Nosara

What Will Happen If Nosara Gets Its Administrative Independence?

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On June 3, Nicoyans will vote on whether or not they agree with Nosara becoming administratively independent of Nicoya city hall. But what are the implications of this decision?

Will Nicoya Suffer for Revenue?

If “yes” wins in favor of Nosara’s administrative independence, the new municipal district council (CMD) would receive all the money from fines, patents, businesses, construction permits or any other tax that district generates.

In other words, the money collected would no longer enter the coffers of Nicoya city hall as is the case right now. It would stay in Nosara in order to pay for the district’s needs.

How much money are we talking about? According to Nicoya city hall there is no official document indicating how much money Nosara contributes to the canton, nor is there a study that measures the economic impact that the municipality will suffer if “yes” wins the plebiscite.

“We don’t have an estimate of how much would be lost because, in the budget, we only have one single amount for the canton. It’s not separated by district,” said Deisy Marín, Nicoya city hall budget manager. “It would be impossible to give a figure.”

Mario Loría, a former city councilman who favors the “yes” vote, said that Nosara contributes ¢700 million ($1.2 million) annually to the canton. According to him, that number comes from the accounting department at Nicoya city hall.

In 2017, Nosara contributed just over ¢57 million ($101,000) for construction permits alone, accounting for 47 percent of the total received by Nicoya for construction, according to a city document obtained by The Voice of Guanacaste.

For the “yes” camp, the district isn’t compensated for the money it contributes.

“What Nosara contributes is diluted among the needs of the whole canton and we only ever see 20 percent of that money,” Loria said.

A 2013 study done by the Center for Responsible Tourism (CREST) revealed that the average resident in Nosara or Sámara pays between five and six times more in property taxes than those who live in other parts of Nicoya.

For the “no” camp, the concern is that, save for the central district, Nosara stands out as the main revenue stream for Nicoya.

“The municipality uses a system of economic distribution based on social solidarity among the districts of Nicoya,” said Edwin Castillo, a former mayoral candidate in the 2016 elections and president of the “no” movement. “This project entails letting resources be distributed solely in Nosara.”

So, how would Nicoya recover the money that it would lose?

In general terms, Nicoya has at least three potential options (or combining all of them). The first would be proposing and carrying out new projects that inject capital into the city. One example is installing parking meters and charging for parking in downtown Nicoya.

The second option, which is in accordance with the General Municipal District Council Law, is that the new CMD could negotiate with Nicoya on whether or not to pay them a percentage of the money the entity collects.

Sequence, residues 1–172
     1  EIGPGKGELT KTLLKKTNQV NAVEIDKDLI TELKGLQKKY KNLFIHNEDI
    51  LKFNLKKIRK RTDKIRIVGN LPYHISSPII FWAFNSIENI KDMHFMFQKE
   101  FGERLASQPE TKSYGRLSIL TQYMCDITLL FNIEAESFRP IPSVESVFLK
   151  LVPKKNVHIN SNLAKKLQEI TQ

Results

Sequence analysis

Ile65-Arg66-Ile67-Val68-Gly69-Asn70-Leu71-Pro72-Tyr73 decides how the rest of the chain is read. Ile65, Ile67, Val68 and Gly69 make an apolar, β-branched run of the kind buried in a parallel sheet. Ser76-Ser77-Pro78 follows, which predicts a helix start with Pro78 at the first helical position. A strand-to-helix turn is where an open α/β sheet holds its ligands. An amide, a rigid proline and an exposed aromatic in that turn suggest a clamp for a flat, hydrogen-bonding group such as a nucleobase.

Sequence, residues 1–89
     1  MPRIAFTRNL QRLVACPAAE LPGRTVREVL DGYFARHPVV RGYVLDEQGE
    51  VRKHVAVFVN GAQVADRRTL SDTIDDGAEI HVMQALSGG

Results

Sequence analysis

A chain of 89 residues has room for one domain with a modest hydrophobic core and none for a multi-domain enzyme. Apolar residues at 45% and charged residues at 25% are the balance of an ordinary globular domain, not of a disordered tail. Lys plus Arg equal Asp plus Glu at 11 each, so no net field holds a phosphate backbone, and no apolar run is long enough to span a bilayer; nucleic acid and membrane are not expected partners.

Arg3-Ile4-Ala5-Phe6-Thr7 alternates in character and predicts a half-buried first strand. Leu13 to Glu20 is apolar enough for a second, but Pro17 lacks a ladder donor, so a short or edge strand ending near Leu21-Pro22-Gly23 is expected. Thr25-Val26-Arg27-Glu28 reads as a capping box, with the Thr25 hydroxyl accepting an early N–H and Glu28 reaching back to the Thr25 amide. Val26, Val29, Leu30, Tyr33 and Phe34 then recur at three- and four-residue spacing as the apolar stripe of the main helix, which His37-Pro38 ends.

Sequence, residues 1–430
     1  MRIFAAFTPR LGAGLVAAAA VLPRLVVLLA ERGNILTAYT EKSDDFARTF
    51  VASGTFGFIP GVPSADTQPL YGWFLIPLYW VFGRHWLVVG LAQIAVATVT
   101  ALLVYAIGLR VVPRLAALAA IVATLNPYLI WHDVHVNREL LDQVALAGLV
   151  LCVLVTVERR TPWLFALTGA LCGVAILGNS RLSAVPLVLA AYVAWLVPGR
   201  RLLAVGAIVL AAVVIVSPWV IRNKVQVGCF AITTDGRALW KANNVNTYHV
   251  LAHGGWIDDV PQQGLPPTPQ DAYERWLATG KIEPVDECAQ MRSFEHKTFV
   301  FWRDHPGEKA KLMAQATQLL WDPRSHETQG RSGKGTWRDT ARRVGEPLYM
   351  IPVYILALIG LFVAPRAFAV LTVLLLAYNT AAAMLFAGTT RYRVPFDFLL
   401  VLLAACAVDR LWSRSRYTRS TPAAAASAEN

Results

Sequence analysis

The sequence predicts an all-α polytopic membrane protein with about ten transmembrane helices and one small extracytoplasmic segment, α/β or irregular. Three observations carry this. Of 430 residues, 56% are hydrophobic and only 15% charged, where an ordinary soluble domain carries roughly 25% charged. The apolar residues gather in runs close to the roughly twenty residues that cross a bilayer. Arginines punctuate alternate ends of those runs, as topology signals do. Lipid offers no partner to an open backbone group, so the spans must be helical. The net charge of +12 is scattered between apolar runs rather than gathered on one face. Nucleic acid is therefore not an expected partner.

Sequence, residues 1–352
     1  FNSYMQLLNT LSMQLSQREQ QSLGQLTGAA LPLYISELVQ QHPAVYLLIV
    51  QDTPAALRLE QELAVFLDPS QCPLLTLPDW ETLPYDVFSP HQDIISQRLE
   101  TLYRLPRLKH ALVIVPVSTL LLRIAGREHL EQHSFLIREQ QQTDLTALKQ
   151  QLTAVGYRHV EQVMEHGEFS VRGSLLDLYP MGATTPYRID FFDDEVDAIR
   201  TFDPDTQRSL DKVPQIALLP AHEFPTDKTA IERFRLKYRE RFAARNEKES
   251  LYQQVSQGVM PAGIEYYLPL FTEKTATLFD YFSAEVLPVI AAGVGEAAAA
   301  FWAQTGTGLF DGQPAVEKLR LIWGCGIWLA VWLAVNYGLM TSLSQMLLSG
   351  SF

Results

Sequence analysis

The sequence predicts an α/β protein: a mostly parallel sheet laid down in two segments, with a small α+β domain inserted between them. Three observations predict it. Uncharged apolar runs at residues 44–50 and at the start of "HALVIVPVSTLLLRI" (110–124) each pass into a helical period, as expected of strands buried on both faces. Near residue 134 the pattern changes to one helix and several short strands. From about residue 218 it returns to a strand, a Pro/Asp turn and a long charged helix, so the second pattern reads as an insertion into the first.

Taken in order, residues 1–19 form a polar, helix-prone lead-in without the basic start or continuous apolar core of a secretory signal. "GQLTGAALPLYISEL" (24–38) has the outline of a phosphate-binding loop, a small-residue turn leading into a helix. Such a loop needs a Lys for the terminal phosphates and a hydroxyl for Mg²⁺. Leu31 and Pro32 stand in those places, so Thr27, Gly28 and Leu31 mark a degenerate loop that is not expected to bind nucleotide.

Finally, Nicoya city hall could improve efficiency and commit itself to reducing the amount of outstanding payments it is owed.

Absolute independence?

If Nosara is to have one thing clear ahead of the upcoming vote, it’s that the CMD won’t have absolute independence from Nicoya City Hall.

Luis Eduardo Araya, legal advisor for the national union of local governments, explained that the budget for Nosara that the council must present ever year must be sent to Nicoya city hall, which will in turn send it to the Comptroller’s Office for approval.

“The CMD can’t deal directly with the Comptroller. In the case Nicoya falls behind in sending its budget for approval, this would also delay the approval of Nosara’s budget,” Araya said.

Nicoya city hall, however, would not be able to meddle in that budget and would only act as a link between the Comptroller’s Office and the municipal district council.

The law also establishes that the CMD must present reports that city hall considers necessary.

Almost a town

If “yes” wins the plebiscite, the resources that the Nosara municipal district council receives will have to cover all its administrative responsibilities, such as salaries for officials that are hired, rent for the building that they work from and the council, for example.

At the moment, though, there is no study showing how much this will all cost. In other words, there is no certainty on how much of the revenues that are currently collected will be allocated for the council to function. It is also not clear what the earnings will be for Nosarans to carry out their projects.

“We don’t have an estimate of how much the administrative functions will cost, but we have two years from the date of the plebiscite to organize that,” said Mario Loria of the “yes” camp. “If Nosara comes out successful, it would immediately enter the planning process.”

In the next municipal elections, Nosarans will elect the five members of their municipal council, including its administrator. They would have the same functions as city council members and mayor, respectively.

What would Nosara prioritize?

According to Loría, the top priority for Nosara residents is improving the 133 kilometers of road in the district, especially because of the dust that it generates which provokes a series of respiratory problems among residents.

Another one of Nosara’s biggest concerns is trash collection. “We have thousands of tons of trash inside the aquifer because there is no trash collection service, nor treatment grounds,” Loria added.
According to the “yes” movement, it they win they would look for a way to build a sports center and promote education programs with the National Learning Institute (INA).

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